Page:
On May 6, Ahsan Iqbal, Pakistan’s Minister of the Interior, was shot during a rally in his own constituency, in the province of Punjab. Fortunately, he survived the attack, but the bullet in his abdomen could not be removed. “The bullet lodged in my body… will keep reminding me of the impending need to remove the seeds of hatred sowed in the country,” Iqbal said.
An initial report suggested that the main suspect, Abid Hussain, 21, had carefully planned the attack; recently, Pakistan’s Anti-Terrorism Court issued an 8-day judicial remand of four possible accomplices.
According to other reports, Hussain is linked to Tehreek-e-Labbaik Pakistan (TLP) — also known as Tehreek-e-Labbaik Ya Rasool Allah (“Movement of the Prophet’s Followers”). TLP is a new Sunni extremist party known for aggressively calling for enforcing Pakistan’s blasphemy laws, which can carry the death penalty, and for opposing any relaxation of these laws.
Many fear that this assault is not an isolated incident and that other members of the cabinet are on the TLP’s hit list. This apprehension, however, does not mean that the government is against sharia or blasphemy laws, or is even thinking of reforming them. Many extremist Muslims are aiming at even more government submission to sharia through intimidation and terror.
Hamas must be castigated globally for the kite bomb and incendiary balloon attacks it has been conducting against Israel in recent months, two top American Jewish leaders said on Tuesday.
“These are acts of terror that must be condemned by all those who profess to care about the poisoning of the atmosphere and the destruction of the ecosystem, let alone peace in the region,” Conference of Presidents of Major American Jewish Organizations (CoP) Chairman Arthur Stark and Executive Vice Chairman and CEO Malcolm Hoenlein said in a statement. “We urge environmental organizations in the US and abroad as well as people of good will to join in condemning these acts of eco-terrorism.”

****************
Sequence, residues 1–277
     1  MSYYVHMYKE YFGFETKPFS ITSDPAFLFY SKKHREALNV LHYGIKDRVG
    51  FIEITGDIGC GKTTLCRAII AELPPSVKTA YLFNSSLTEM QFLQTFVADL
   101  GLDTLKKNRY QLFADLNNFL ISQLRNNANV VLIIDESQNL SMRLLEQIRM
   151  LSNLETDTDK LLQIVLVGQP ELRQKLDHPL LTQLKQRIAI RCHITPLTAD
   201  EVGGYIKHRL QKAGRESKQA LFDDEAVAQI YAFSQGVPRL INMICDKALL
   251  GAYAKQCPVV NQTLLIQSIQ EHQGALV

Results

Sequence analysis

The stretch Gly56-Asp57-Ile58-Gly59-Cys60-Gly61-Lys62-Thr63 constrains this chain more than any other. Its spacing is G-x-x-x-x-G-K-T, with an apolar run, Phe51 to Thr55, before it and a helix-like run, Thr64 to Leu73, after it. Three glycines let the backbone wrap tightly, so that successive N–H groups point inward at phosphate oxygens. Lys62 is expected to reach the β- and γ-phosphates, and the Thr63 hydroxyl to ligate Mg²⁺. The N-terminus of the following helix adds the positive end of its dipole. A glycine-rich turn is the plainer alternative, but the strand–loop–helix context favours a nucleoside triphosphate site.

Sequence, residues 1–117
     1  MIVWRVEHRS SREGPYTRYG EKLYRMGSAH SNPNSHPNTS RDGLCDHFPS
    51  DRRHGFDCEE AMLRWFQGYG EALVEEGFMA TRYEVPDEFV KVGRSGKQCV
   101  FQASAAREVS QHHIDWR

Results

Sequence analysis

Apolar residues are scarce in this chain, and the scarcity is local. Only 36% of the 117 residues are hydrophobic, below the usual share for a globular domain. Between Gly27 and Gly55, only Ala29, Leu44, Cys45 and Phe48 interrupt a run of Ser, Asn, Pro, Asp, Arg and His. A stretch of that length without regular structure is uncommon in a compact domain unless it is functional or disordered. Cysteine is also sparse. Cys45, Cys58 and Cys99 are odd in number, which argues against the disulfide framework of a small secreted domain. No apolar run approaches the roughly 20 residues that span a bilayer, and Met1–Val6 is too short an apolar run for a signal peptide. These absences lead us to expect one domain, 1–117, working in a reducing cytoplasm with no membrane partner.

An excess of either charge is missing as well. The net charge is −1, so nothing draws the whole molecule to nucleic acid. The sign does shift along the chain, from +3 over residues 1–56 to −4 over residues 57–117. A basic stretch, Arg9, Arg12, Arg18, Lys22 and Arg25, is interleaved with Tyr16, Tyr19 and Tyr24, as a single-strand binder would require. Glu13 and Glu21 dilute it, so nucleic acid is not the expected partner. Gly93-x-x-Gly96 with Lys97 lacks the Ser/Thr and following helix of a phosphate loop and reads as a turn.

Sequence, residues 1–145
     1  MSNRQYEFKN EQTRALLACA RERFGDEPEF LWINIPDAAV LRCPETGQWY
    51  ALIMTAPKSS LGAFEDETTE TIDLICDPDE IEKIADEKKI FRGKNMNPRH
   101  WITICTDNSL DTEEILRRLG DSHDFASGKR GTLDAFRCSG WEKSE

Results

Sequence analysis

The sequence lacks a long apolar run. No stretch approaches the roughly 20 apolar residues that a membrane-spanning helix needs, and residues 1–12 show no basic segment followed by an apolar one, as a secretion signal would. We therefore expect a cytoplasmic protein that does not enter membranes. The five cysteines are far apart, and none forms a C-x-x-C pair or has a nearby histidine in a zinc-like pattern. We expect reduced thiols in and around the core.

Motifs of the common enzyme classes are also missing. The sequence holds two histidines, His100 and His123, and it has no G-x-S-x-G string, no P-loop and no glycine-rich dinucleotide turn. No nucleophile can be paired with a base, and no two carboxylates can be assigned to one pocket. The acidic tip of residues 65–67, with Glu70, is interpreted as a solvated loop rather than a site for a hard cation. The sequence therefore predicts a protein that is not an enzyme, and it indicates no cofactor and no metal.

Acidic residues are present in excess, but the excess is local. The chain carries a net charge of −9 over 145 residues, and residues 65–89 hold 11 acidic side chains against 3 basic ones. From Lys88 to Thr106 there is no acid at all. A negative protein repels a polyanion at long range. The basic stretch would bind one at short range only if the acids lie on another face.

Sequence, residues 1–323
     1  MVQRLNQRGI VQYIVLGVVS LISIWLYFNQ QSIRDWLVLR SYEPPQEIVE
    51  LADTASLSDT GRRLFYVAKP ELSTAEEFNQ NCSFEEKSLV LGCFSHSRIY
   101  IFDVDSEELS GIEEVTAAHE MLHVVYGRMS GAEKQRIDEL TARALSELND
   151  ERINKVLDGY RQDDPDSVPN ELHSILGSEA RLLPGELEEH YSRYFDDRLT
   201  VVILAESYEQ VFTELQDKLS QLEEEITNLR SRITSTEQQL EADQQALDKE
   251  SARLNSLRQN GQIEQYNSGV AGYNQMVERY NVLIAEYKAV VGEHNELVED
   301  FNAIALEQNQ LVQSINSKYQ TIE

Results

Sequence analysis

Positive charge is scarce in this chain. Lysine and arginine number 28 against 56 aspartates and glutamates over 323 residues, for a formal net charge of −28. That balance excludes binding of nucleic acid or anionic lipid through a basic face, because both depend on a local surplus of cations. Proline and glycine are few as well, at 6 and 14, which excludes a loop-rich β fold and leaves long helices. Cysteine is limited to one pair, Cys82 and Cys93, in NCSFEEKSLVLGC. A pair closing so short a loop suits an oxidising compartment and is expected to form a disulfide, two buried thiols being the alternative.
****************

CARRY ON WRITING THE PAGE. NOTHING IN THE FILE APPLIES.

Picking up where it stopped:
A strange, startling and deeply unfamiliar sound was heard this week. A Trump tweet imploding, perhaps? Kim Jong-Un finally destroying his nuclear arsenal? A distant rumble from the Hawaii volcano?
No. It was the sound of the European Union and United Nations loudly supporting Israel against attack.
In the heaviest onslaught since 2014, southern Israel was attacked from Gaza this week by Islamic Jihad and Hamas launching dozens of rocket and mortar attacks, as well as bursts of machine-gun fire. An Israeli kindergarten was hit, although no one was hurt. After Israel pummeled terrorist targets, Egypt brokered a truce.
What was striking was that the Israel-averse European Union, United Nations, France, Italy, Germany and Ireland criticized the Gaza attackers and expressed support for Israel.
France declared that its commitment to Israel’s security was “unwavering.” Germany said the targeting of Israeli civilians was “malicious,” and that it was “Israel’s right to preserve its security, defend its borders and respond proportionately to attacks.”
The terrorist threat Israel faces is an unusual one: the terrorist organizations seeking to destroy it control their own territory, making them a kind of semi-state.
The armed, fundamentalist entities situated on Israel’s borders have control over their own land, and they govern populations. This creates an inherent contradiction between their hardline Islamist ideologies on the one hand, and their self-preservation interests on the other.
This paradox is playing out most visibly in the Gaza Strip. Hamas is trying to relieve the security blockade over its enclave, using a range of violent pressure tactics to achieve this goal, as it tries to avoid an economic meltdown in Gaza.
Yet it is unwilling to stop enlarging its arsenal of offensive weapons that it points at Israel, meaning that Gaza’s economy remains dysfunctional.
Hamas has failed to prioritize Gaza’s civilian needs, despite being the government. Instead of tackling unemployment, or doing whatever it takes to ensure a steady electricity supply, it is trying to intimidate Israel, and pressure the Palestinian Authority and Egypt into rescuing Gaza’s economy. Unemployment in Gaza is at 44 percent, and it stands at more than 60 percent for young people, many of whom have university degrees. Most of Gaza’s estimated 2 million residents have access to about four hours of electricity per day, and its water sources face depletion in the coming years.